3. Pair the sage leaves according to size.
  4. Place anchovy fillet(s) in-between the 2 paired leaves. Use the palm of your hand to press the leaves together.
  5. Dip the sage “packets” into the batter and gently shake off the excess before placing in the hot oil. Repeat for the other packets though be careful not to overcrowd the pan.
  6. Fry until golden brown on both sides, turning each over once in the process.
  7. Remove from hot oil and drain on paper towels. Season lightly with salt. If working in batches, keep warm in a pre-heated 200˚ F (95˚ C) oven.
  8. Serve immediately.

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Salted AnchoviesSalt-packed anchovies, anyone?

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Anchovies are the biggest concern for this recipe. If you can find fresh, by all means use them. They will give this dish the best flavor possible. If, like me, you cannot find fresh anchovies — and believe me I’ve tried — your next best option is salt-packed anchovies. Though not the same as fresh, they are a very good second choice. Just be sure to rinse them very well before using. Whether you use fresh or salt-packed anchovies, be sure to clean them, removing the head if necessary, and to check for and remove the spine. If unable to find fresh or salt-packed anchovies, by all means use tins of anchovies packed in olive oil. The bottom line is that you really have to taste anchovies sandwiched between sage leaves, battered, and fried. It’s a simple as that.

You’ll notice I used cornstarch in my batter. I find that it makes things more crisp, Omit it if you disagree.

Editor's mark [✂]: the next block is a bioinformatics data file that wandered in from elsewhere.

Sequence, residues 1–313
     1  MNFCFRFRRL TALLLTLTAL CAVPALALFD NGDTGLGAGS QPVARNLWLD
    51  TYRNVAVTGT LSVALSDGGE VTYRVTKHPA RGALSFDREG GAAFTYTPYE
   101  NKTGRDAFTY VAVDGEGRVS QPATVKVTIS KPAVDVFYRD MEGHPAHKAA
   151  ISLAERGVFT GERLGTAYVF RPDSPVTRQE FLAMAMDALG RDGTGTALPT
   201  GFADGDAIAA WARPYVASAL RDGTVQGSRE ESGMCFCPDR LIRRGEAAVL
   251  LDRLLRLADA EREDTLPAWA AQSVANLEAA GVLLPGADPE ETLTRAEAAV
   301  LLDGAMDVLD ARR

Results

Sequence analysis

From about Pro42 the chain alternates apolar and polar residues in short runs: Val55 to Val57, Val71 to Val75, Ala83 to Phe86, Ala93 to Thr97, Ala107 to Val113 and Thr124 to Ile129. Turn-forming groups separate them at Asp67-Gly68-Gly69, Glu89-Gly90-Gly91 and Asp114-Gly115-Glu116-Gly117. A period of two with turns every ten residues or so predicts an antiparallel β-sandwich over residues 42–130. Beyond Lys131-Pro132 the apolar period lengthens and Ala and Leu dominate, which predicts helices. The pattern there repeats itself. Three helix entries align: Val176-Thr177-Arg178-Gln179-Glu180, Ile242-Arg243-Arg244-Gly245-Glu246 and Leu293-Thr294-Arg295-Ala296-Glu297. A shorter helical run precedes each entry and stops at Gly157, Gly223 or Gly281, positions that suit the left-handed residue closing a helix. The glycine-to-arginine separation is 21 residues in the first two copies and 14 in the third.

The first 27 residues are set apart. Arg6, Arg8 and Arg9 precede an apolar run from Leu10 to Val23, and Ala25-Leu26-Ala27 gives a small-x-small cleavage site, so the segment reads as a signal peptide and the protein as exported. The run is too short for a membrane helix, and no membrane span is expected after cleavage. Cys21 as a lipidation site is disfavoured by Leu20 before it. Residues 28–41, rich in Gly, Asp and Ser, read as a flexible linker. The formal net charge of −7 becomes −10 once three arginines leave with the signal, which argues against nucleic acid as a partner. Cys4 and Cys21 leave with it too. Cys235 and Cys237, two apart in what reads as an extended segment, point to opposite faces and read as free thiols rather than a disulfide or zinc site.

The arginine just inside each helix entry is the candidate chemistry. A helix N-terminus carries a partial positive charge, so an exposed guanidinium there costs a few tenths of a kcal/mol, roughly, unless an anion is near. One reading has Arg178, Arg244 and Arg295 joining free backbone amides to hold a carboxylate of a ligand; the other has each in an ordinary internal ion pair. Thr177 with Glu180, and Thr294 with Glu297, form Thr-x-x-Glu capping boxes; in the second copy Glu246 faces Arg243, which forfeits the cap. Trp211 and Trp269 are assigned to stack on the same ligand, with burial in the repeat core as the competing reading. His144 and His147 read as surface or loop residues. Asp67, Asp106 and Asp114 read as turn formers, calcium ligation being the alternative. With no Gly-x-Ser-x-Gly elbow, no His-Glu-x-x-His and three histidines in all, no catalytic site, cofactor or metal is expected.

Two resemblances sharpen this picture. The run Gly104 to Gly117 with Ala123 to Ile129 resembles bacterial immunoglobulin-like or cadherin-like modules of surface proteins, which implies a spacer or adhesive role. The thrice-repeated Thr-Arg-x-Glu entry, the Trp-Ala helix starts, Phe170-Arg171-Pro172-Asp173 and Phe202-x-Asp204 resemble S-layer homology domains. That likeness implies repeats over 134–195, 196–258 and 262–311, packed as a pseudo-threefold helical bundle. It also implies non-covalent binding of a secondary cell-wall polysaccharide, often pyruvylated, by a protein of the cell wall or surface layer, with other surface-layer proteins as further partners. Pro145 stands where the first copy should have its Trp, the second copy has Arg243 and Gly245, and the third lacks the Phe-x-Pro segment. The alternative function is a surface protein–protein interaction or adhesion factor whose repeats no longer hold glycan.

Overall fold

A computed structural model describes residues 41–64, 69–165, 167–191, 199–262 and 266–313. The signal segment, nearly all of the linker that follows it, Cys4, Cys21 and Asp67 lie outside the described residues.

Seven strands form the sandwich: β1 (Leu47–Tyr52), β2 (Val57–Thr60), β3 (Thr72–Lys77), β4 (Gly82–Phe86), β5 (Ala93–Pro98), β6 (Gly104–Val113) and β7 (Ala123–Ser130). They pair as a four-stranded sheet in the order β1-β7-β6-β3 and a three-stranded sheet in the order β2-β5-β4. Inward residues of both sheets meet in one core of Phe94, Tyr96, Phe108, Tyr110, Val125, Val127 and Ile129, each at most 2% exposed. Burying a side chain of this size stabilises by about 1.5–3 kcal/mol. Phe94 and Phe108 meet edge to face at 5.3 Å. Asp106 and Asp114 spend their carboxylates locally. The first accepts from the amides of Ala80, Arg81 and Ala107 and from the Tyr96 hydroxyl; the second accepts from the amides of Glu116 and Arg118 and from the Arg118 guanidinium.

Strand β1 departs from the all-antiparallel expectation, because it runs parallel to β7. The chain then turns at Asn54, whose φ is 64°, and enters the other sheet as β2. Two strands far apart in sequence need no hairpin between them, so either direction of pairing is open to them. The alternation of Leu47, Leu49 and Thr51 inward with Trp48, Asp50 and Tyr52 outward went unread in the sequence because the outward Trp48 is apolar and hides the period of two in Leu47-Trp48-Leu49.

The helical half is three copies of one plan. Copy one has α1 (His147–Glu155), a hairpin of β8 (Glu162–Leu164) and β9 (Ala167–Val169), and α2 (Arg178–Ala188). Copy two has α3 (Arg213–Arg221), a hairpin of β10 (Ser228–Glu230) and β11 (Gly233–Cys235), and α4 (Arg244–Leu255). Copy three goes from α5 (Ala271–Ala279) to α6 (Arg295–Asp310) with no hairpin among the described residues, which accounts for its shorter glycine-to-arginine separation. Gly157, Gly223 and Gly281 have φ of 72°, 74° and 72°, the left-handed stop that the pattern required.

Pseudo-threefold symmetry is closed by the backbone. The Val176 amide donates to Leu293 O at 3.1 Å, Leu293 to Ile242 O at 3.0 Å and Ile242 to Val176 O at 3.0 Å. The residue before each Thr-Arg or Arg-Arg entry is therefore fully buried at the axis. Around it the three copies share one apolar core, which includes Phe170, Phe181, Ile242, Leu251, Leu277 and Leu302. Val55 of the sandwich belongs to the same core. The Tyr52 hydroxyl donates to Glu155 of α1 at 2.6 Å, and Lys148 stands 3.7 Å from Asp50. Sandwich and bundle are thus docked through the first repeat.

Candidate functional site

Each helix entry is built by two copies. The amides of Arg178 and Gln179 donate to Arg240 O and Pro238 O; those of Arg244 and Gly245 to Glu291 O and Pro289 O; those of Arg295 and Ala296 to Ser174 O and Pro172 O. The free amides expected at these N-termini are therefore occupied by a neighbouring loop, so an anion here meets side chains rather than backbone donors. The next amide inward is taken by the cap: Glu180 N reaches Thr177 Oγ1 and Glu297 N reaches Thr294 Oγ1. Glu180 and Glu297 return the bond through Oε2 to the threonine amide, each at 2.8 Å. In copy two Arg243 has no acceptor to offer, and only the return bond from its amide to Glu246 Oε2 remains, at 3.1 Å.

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What if you don’t like sage?

Fried AnchoviesWell, not very long ago, a group of us went to a restaurant owned by a winner of America’s Top Chef. While there, we were served deep-fried anchovies. Can I get a “YUM!”? That dish is recreated here, using the same batter that was used for the sage. Just batter the fillets and fry them. Be sure to make extra, though. The kitchen elves love them and tend to snack on a few during the cooking process.

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Now, on to the Republic of San Marino

After a far too brief stay in Bologna, I rented a car and drove to Rimini before turning towards the Apennines and the Republic of San Marino. Founded in 301 CE and only 24 sq mi (64 km2), San Marino lays claim to being the world’s oldest republic. {In comparison, Chicago is 228 sq mi (591 km2).} The city of San Marino is located atop Mount Titan, Monte Titano, offering beautiful views of the surrounding countryside and, to the East, Rimini and the Adriatic Coast. I truly regret losing those photos but feel very lucky that the most valuable ones, those of my family, were saved

San Marino

San Marino’s Municipalities,                             I Castelli del San Marino,                             (Source: Wikipedia)

As small as it is, the country is divided into 9 districts called castelli, castles, including the city and capital, San Marino. My Zia lives in the municipality called Domagnono and our family owned a farm in the Castello di Montegiardino. Don’t let what appears to be relatively short distances between the locales fool you. The country sits atop the Apennines and the terrain is hilly, at best. My cousins, and especially my Zia, were fearless behind the wheels of their cars, day or night. I, on the other hand, white knuckled it on the way into — or was it “up to”? — and out of — “down from”? — the Republic. (Have I mentioned my fear of heights?) They all did their best to show me all the country’s sites, as well as those places having special meaning for my family. We even managed to spend an afternoon at the beach, having dinner with my cousin and her family at their beach-front restaurant in the coastal village of Riccione, a suburb of Rimini.